The stand-down began in mid-February, and the raids have since resumed. It is unclear, though, whether the Special Operations missions are being carried out with the same frequency as before the halt.
Ret. Admiral William McRaven came to the defense of Ret. General Stanley McChrystal after President Trump took shots at the general on Twitter following the comments McChrystal made on Trump during an ABC interview.
(Juli 2008) The covert operations set forth in the Finding essentially run parallel to those of a secret military task force, now operating in Iran, that is under the control of JSOC. Under the Bush Administration’s interpretation of the law, clandestine military activities, unlike covert C.I.A. operations, do not need to be depicted in a Finding, because the President has a constitutional right to command combat forces in the field without congressional interference. But the borders between operations are not always clear: in Iran, C.I.A. agents and regional assets have the language skills and the local knowledge to make contacts for the JSOC operatives, and have been working with them to direct personnel, matériel, and money into Iran from an obscure base in western Afghanistan. As a result, Congress has been given only a partial view of how the money it authorized may be used. One of JSOC’s task-force missions, the pursuit of “high-value targets,” was not directly addressed in the Finding. There is a growing realization among some legislators that the Bush Administration, in recent years, has conflated what is an intelligence operation and what is a military one in order to avoid fully informing Congress about what it is doing.
(23. Januar 2005) As part of the extraordinary army of 13,000 troops, police officers and federal agents marshaled to secure the inauguration, these elite forces were poised to act under a 1997 program that was updated and enhanced after the Sept. 11 attacks, but nonetheless departs from how the military has historically been used on American soil.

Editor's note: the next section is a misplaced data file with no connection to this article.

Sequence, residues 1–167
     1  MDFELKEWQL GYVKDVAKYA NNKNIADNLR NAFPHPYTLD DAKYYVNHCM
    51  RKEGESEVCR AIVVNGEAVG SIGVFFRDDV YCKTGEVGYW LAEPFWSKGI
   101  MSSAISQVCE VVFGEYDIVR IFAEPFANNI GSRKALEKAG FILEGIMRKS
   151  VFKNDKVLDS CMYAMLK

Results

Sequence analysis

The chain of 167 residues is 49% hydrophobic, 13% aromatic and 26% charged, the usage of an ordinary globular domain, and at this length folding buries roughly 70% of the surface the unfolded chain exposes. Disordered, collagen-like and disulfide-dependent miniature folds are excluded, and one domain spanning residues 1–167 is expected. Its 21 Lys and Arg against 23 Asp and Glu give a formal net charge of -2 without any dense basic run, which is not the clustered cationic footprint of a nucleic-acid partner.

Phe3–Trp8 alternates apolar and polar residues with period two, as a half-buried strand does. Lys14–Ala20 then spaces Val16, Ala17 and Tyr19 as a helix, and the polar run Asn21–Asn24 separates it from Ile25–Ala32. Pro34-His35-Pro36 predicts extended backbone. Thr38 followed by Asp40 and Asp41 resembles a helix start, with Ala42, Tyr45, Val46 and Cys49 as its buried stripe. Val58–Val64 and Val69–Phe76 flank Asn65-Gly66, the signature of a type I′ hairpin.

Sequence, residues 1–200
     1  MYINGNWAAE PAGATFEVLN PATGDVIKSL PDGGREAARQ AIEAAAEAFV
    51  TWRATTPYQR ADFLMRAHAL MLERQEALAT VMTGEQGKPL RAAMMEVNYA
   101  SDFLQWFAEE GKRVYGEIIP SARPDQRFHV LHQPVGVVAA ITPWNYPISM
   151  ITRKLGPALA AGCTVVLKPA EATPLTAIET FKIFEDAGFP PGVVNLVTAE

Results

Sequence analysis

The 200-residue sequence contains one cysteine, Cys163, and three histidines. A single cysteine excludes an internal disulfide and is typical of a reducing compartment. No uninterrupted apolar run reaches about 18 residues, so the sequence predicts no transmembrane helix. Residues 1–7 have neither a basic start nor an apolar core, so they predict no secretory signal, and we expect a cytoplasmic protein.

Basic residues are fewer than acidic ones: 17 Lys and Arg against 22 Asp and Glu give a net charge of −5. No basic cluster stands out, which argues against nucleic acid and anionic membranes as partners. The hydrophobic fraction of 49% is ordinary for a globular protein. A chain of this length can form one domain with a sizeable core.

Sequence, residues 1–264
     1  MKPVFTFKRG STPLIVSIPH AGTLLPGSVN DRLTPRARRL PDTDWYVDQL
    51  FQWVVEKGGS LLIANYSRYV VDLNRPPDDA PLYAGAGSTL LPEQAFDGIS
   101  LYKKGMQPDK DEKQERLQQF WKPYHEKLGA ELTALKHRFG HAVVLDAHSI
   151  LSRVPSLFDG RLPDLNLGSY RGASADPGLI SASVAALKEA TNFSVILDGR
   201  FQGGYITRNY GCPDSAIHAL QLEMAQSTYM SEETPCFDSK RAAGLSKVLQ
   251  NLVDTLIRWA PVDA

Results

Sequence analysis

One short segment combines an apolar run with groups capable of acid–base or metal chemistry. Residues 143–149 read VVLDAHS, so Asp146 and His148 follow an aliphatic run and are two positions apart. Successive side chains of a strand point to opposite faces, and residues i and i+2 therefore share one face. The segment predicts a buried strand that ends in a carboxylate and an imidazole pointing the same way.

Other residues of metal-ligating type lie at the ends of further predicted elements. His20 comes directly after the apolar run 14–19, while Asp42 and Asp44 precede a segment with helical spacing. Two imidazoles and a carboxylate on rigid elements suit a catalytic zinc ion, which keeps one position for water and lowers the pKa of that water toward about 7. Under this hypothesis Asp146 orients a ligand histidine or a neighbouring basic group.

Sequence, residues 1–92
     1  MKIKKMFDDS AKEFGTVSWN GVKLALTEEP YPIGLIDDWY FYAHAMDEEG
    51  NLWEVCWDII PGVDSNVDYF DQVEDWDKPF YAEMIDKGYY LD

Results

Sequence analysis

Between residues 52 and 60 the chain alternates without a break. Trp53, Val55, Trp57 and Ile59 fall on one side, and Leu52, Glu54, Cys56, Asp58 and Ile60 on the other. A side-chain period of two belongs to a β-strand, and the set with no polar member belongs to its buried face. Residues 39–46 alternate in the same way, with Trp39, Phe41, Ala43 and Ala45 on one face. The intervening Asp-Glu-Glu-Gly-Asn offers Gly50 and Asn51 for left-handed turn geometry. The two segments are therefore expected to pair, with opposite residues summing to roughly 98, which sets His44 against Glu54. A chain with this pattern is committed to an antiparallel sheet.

These commandos, operating under a secret counterterrorism program code-named Power Geyser, were mentioned publicly for the first time this week on a Web site for a new book, „Code Names: Deciphering U.S. Military Plans, Programs and Operation in the 9/11 World,“ (Steerforth Press). The book was written by William M. Arkin, a former intelligence analyst for the Army.
The precise number of these Special Operations forces in Washington this week is highly classified, but military officials say the number is very small. The special-missions units belong to the Joint Special Operations Command, a secretive command based at Fort Bragg, N.C., whose elements include the Army unit Delta Force.
(30.12.2018) Retired four-star Army Gen. Stanley McChrystal on Sunday criticized President Donald Trump for his approach to the presidency in a wide-ranging interview that saw the former top commander of the US and international forces in Afghanistan label Trump as dishonest and immoral.
„I don’t think he tells the truth,“ McChrystal told ABC’s Martha Raddatz on „This Week.“ When asked if he thought Trump was immoral, McChrystal responded: „I think he is.“
(31.12.2018) Nun hat sich auch Ex-General Stanley A. McChrystal kritisch zu Trumps Plänen geäussert. Der ehemalige Kommandant der US-Streitkräfte in Afghanistan bezeichnete Donald Trump und dessen Entscheidung als „unmoralisch und verlogen“.McChrystal hatte sich schon früher negativ über den Präsidenten geäussert. Ex-Admiral William McRaven, der die Operation gegen den Terroristen Osama Bin Laden verantwortete, hatte Trump mehrfach öffentlich kritisiert. Trump nannte ihn darauf einen „Hillary-Clinton-Fan“ und „Barack-Obama-Unterstützer“ und sagte, die Operation gegen Bin Laden habe viel zu lange gedauert. McChrystal nahm McRaven anschließend in Schutz und stellte das Vertrauen in Trump infrage.